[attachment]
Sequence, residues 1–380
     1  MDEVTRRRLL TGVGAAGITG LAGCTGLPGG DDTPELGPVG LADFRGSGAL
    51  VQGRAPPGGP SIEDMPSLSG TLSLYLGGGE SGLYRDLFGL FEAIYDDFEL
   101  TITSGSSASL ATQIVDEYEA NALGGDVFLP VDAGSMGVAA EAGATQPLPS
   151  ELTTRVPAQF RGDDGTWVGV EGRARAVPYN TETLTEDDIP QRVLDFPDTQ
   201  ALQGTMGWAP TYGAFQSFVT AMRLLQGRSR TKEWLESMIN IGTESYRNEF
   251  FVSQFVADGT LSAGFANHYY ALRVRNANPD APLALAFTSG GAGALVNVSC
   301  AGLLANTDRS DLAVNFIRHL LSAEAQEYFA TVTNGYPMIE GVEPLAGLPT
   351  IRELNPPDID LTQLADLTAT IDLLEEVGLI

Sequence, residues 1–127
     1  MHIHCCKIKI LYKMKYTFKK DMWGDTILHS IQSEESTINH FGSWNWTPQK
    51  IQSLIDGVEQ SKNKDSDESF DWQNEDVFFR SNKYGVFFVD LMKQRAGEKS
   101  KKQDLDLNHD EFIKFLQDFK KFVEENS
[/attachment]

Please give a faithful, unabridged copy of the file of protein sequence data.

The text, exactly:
Sequence, residues 1–380
     1  MDEVTRRRLL TGVGAAGITG LAGCTGLPGG DDTPELGPVG LADFRGSGAL
    51  VQGRAPPGGP SIEDMPSLSG TLSLYLGGGE SGLYRDLFGL FEAIYDDFEL
   101  TITSGSSASL ATQIVDEYEA NALGGDVFLP VDAGSMGVAA EAGATQPLPS
   151  ELTTRVPAQF RGDDGTWVGV EGRARAVPYN TETLTEDDIP QRVLDFPDTQ
   201  ALQGTMGWAP TYGAFQSFVT AMRLLQGRSR TKEWLESMIN IGTESYRNEF
   251  FVSQFVADGT LSAGFANHYY ALRVRNANPD APLALAFTSG GAGALVNVSC
   301  AGLLANTDRS DLAVNFIRHL LSAEAQEYFA TVTNGYPMIE GVEPLAGLPT
   351  IRELNPPDID LTQLADLTAT IDLLEEVGLI

Sequence, residues 1–127
     1  MHIHCCKIKI LYKMKYTFKK DMWGDTILHS IQSEESTINH FGSWNWTPQK
    51  IQSLIDGVEQ SKNKDSDESF DWQNEDVFFR SNKYGVFFVD LMKQRAGEKS
   101  KKQDLDLNHD EFIKFLQDFK KFVEENS